Card Text: When Attacking, the Defender is hit by your Attack, even if he does not suffer any damage.
Usage in game: Hitting even that which cannot be hit.
Breakdown: All right, let's get this out of the way.
Longtime readers of the Bikini will know that I've made this point multiple times in the past, but it bears repeating every time it comes up, because who knows what entry point y'all use to read the site.
So Blount's card text can be a little confusing because of the usage of the term "hit." Hit in X-Wing means one very specific thing, but many folks (me included) throw the word "hit" around during a game when we don't actually mean "hit" in the rulebook sense of things.
When FFG talks about a "hit" in X-Wing, what they're talking about the result of Step 6 of the Combat Phase. That's when the Attacker and Defender compare all their die results, after they've had the chance to modify them with stuff like Focuses and Evades and all that business. If the Attacker ended up with more <filled explosion symbol> results or <unfilled explosion symbol> results than the Defender ended up with <wavy arrow symbol> results, then the Defender got hit.
Not to belabor the point, but a hit in these terms is not a die result- which many times is what we say when we roll the red dice and get some explosions. At least, not necessarily. Those results are just results, even if we usually call them hits and/ or crits.
Right on, so that business clarified, let's look again at Blount's card text- normally, the Attacker has to do at least one more <explosion symbol, filled or unfilled> result than the Defender can handle with <wavy arrow> results. If that happens, as y'all know, the Defender takes damage in the amount of whatever the difference between the red results and the green results. If there are more green results than reds, then the Defender avoids being damaged in that encounter. With Lieutenant Blount though, even if he doesn't get more red results than his defender gets greens, he still is considered to have hit his target.
Ok, now that we understand that, what does that even mean?
By itself, that's kind of not really that big of a deal. It doesn't mean Blount automatically does damage, it just means he automatically hits. Ok, maybe I shouldn't say automatically because you do have to legitimately be able to Attack the target- so he has to be in arc, at least within Range 3, etc., but assuming Blount has a valid target, then regardless of how badly you roll or how well your buddy rolls to defend, you are considered to have hit your target.
So if it doesn't do much by itself, what does it mate up with? Anything that has a "if hit" type criteria. There's not a ton of stuff, but there are a few things this shows up with- namely Assault Missiles and Ion Pulse Missiles. Assaults, again assuming you've got a valid target, will always splash the ships within Range 1 of the target, Ion Pulse Missiles will always ding their target for a point of damage and 2 Ion Tokens. Additionally, even if you're not sporting ordnance on Blount, he's going to peel off any enemy Stealth Devices assuming he can draw a bead on them.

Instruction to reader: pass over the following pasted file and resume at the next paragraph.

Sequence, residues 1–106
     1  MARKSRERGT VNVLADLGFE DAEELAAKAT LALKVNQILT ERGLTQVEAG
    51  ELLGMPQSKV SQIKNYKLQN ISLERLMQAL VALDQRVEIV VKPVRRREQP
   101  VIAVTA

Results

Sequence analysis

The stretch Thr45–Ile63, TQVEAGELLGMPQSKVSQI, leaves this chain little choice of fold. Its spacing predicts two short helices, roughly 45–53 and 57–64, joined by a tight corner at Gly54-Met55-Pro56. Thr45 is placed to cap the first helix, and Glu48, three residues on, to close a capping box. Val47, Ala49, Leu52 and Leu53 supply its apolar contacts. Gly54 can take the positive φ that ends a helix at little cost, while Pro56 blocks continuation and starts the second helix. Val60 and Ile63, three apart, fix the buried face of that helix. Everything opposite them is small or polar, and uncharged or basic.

The only real downside to any of this is his ability makes Munitions Failsafe pointless, at least the way I read things.
Now that I've spent 9 paragraphs (ok, I use the term paragraph liberally as my fondness of one sentence paragraphs could be seen as biased towards high paragraph counts) explaining all that business, what's Blount good for?
He's great for getting rid of Stealth Devices. Now, much like his pal Airen, Blount has the potential to be a real day ruiner for your opponent depending on how much he relies on Stealth Devices or how susceptible he is to Assault Missiles or Ion Pulse Missiles. That is to say, against some folks he'll be a target of the highest priority, other opponents will virtually ignore him. That said, I think if you play people who are fond of tournament type meta, that is TIE Swarms and Phantom lists, depending on how you have him kitted out, Blount is probably going to be a fairly high priority target.
Like I've said on here in the past, the formation is what makes a TIE Swarm more dangerous than the sum of it's parts and Blount can exploit that pretty readily for only 22 points. Sure, the Swarm can simply break formation, but you'll at least knock your opponent out of his comfort zone and keep him a little more honest than he might normally be.
As for the Ions, it may not be the easiest thing to pull off, but being able to auto-hit a big ship that happens to be facing a board edge after a collision or something makes him end up in a spot he wouldn't normally wind up in, forcing him to do a straight 1 could be absolutely priceless. Probably not real likely to happen, but being able to 100% ionize a big ship with a 22 point starfighter has a certain je ne sais quoi, right?
All that said, is Blount worth taking?
Well, he is flying a Z-95, so at the end of the day, if your opponent wants him dead bad enough, it's going to happen. Like I talked about in the Wave 4 preview 10 months ago, a Z-95 doesn't have that bad of a dial, but only having four HP (2 Shield and 2 Hull) ain't exactly a Brinks truck in space.
Also, much like his buddy Airen, I kinda flinch at the idea of tacking a bunch of points on this guy. Ultimately, he's kind of a support ship, though not as obviously as his buddy. Blount can take Elite Pilot Talents, which is kinda surprising to be honest being as how he's only a PS 6. Again, I'm not totally nuts about taking a bunch of upgrades and stuff, but Deadeye could be a good one if you've gone missile-centric with him and you're trying for one of those 1st or 2nd turn alpha strikes with a tube full of Assault Missiles.